Maple apple-stuffed cinnamon buckwheat crepes – photo by Karen Anderson
I actually love winter. And, this one has been fantastic for me as I’ve been able to walk to the end of my driveway, step into my cross-country skis and break my own trail through a blanket of light and fluffy snow more than any other year I can remember.
March came in like a lion (with another foot of snow here in Calgary) so it should go out like a lamb but, in between, I’m going to tuck into more of these Maple apple-stuffed cinnamon buckwheat crepes. It’s a recipe that I developed for Alberta Health Services’ Apple magazine. Click on the link below to find my recipe and the lovely food styling by Sylvia Kong and Shallon Cunningham of Savory Palate and Salt Food Photography respectively. I hope you’ll enjoy this gluten-free apple-filled delight.
We’ll take a bite of these apples and spring will take a bite out of winter. Just relax and savour it all.
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|The enjoyable fruit
Filed under Health, Recipes
Yoga Asanas (poses) – photo courtesy of Isha Foundation – used with permission
Yoga means union. Yogis, people who practice yoga, believe our individuality is an illusion and yoga’s purpose is to help us go beyond our limited perception of existence to realize our oneness.
Yoga is not a workout or a fad. Yoga is not a religion. It is a path to self-transformation. Through meditation the mind is harnessed and taught to focus or be silent. Yogasanas are yoga postures that help a yogi prepare to sit for longer periods of meditation; for longer periods of silence in the mind and of no movement in the body.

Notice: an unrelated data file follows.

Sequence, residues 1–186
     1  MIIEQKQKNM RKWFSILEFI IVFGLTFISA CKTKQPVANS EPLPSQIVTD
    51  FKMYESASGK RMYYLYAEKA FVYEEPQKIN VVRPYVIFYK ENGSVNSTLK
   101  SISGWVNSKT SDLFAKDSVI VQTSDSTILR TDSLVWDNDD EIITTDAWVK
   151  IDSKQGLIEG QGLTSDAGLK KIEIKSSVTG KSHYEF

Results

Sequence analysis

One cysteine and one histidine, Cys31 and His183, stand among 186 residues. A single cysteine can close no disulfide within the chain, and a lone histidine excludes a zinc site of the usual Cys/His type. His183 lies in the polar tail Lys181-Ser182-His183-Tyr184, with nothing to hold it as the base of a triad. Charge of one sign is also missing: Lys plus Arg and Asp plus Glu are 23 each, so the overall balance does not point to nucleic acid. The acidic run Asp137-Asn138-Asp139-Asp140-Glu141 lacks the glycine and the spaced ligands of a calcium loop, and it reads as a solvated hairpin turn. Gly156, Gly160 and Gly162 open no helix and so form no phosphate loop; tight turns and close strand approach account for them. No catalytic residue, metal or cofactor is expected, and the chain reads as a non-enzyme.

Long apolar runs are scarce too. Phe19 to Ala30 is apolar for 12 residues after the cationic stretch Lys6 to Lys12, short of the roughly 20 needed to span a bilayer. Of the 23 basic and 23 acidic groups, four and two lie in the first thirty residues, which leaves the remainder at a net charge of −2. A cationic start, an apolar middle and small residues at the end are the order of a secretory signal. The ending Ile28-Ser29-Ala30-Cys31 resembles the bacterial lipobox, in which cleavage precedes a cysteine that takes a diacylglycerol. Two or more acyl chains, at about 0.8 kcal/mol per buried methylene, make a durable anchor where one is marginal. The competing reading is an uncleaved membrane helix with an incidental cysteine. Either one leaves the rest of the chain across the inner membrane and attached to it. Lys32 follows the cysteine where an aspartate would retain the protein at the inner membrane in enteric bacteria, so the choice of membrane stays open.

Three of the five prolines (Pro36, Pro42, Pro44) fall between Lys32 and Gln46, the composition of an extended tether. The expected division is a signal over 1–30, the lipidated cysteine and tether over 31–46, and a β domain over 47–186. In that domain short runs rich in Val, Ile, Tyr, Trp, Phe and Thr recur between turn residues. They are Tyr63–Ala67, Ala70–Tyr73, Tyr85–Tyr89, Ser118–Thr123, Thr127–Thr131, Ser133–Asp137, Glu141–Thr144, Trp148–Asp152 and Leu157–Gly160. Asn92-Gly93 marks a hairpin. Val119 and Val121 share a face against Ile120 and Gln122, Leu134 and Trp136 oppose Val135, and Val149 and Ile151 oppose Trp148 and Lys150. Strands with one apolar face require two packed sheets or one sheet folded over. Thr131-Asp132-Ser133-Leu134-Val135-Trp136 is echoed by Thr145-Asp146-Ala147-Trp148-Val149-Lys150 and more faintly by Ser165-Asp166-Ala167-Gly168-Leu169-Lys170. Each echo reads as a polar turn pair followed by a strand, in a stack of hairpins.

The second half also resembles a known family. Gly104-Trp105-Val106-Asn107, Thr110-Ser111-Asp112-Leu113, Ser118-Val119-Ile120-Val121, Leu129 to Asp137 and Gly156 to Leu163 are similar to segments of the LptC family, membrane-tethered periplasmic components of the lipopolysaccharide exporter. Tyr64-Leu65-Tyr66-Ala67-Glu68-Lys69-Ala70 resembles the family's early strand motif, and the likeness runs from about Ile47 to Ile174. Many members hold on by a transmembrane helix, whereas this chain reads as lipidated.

This post gives a bit of background about a special Isha Hatha Yoga Yogasanas workshop coming to Calgary on January 20 and 21, 2018. Continue reading
Filed under Health, India, Joy
Tonight, on a perfectly calm and warm summer evening I stood at the confluence of the Elbow and Bow rivers, surrounded by roses, in the garden of Deane House restaurant in Calgary. I sipped an Italian rosé wine and ate halibut cakes, duck arancini, cured salmon and seared ahi tuna. My loving husband of 27 years stood beside me. Sounds ideal, except for a knot in the pit of my stomach.
Why the knot? Despite, the glorious day and the chance to catch up with a few caring friends, we were actually there to learn more about a grotesque subject – the fact that human slavery which is also know as human trafficking exists in our city and our country.
According to the Criminal Code of Canada, trafficking in persons occurs when “someone recruits, transports, transfers, receives, holds, conceals or harbours a person, or exercises control, direction or influence over the movements of a person for the purpose of exploiting them or facilitating their exploitation (Criminal Code of Canada 2015).
This is modern day slavery. It is time to abolish it but that can only happen if more Canadians become aware that it is happening right here in our cities, our provinces, our blessed country. Tonight Calgarians, Paul Brandt and Paul Hardy launched their #notinmycity campaign to tackle this subject and raise money for both the Sheldon Kennedy Centre for Child Advocacy and the Joy Smith Foundation. Continue reading
Filed under Grief, Health
I was a nurse for over 20 years. I was a Masters-prepared Nurse Practitioner for 10 of those years. I left that profession because, though I loved working with people, I wanted find ways to help people stay healthy instead of caring for them once they’d become very ill. I saw that the further we got from food as a society the sicker we were getting. I thought writing about food and starting up food tours would be fun ways to engage and connect people with the source of food and all the health and joy it can bring to our lives.